The intense societal shaming and criminalization of her addictions led to more resistance by my mother to seek the treatment she needed, until she eventually stopped trying to quit altogether. The stigmatization of her disease impacted me profoundly as a child — almost as much as the regular abuses I endured from her due to her addictive behavior. Whether it was being the regular target of smacking, lying, spitting, stealing, or vicious name-calling, it stung all the more because society made me feel complicit by relation. I had no healthy outlet to vent my escalating outrage at my own victimization, at an age when I was too young to properly process or even fully understand what was happening. I learned to stay silent, to repress my feelings, and to isolate myself, so as not to mistakenly disclose our family secret and be swept away into the foster care system, potentially separated forever from my younger brother.

Nowadays, when I see the constant commercials and articles offering support and compassion to those suffering from opioid addiction, I am struck by ambivalence. While I feel both heartened and relieved that addiction is finally being treated as a disease for which such supports can exist, I am also embittered that it did not happen when I needed it. I am angry that the shift in dialogue around addiction — and the companion funding being offered for programs that stress rehabilitation over incarceration for those afflicted — is likely due to the demographic differences in race, class, and regional areas impacted by this epidemic as opposed to the epidemic that claimed my mother. My family was poor, undereducated, and hailed from a low-income inner-city neighborhood where most residents were not white. Thus, we were ignored.

As noted by the National Survey on Drug Use and Health, 75% of all opioid misuse starts with people using medication that wasn’t prescribed for them. Furthermore, 90% of all addictions begin either in adolescence or early adulthood, while most of those who misuse opioids already have a prior history of abusing alcohol and other drugs. In my mother’s case, she began experimenting with cocaine first before jumping to injecting heroin in her mid-twenties; there was no prescription medication involved. My uncle (who was also my godfather) died of an overdose of Xanax (which is a benzodiazepine, not an opioid) after mixing it with too much alcohol. My brother became addicted to my mother’s prescription Dilaudid (a class of opioid) while she was in the late stages of terminal cancer; this occurred in his mid-twenties, after he had struggled for more than a decade with alcoholism.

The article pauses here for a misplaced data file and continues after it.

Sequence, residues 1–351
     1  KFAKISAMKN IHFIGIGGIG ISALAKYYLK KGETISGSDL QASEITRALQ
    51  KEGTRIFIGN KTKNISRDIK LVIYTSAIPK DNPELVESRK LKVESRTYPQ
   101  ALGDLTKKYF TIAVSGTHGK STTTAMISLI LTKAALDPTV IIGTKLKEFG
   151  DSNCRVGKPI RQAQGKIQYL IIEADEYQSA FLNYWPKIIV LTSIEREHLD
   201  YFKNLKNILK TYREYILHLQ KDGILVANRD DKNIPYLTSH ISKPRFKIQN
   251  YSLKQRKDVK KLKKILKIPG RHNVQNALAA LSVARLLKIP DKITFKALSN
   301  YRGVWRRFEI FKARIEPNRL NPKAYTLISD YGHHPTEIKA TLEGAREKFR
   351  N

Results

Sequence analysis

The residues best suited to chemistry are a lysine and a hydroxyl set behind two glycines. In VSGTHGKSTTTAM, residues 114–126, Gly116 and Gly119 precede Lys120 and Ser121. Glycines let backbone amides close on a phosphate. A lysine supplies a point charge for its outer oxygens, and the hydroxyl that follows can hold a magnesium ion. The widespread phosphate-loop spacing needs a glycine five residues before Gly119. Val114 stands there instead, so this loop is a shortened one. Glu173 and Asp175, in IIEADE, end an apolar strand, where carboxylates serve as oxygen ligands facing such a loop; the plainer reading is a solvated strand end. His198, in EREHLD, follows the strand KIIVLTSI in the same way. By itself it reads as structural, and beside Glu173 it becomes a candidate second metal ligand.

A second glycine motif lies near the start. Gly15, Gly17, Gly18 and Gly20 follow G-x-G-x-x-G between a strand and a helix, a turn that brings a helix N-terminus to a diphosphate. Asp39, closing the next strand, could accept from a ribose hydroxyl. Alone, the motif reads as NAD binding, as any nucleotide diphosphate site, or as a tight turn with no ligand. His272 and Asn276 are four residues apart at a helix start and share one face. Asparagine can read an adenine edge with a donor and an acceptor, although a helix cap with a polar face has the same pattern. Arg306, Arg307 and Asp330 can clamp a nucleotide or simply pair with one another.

I personally decided to opt out of using opioids for long-term management of my own pain symptoms because I did not want to risk becoming addicted, considering my own substantial family history and potential genetic predisposition to the disease. However, I understand my decision is a personal one and not something I can or should expect of other people who live with chronic pain. For some patients, long-term opioid treatment can provide adequate pain relief without detracting from their quality of life, but for others it can do more harm over time.

When I hear of people with pain being shamed and stigmatized for trying to fill prescriptions for medications many of them have been using responsibly for years and even decades, it reminds me of the same shame that was thrust onto my mother and family, while we were also deprived of comprehensive and humane treatment for, and even genuine acknowledgement of, our disease. I hope the medical field will work to adopt more nuanced and individualized approaches to treating both pain and addiction that do not cater to one demographic at the expense of the other. Millions of people with cardiovascular disease take drugs that help prevent blood clots, which can lodge in a vessel and choke off the blood supply to part of a leg, lung, or the brain. These potentially lifesaving medications include warfarin (Coumadin) and a class of drugs called non-vitamin K antagonist oral anticoagulants or NOACs. Examples include dabigatran (Pradaxa) and rivaroxaban (Xarelto).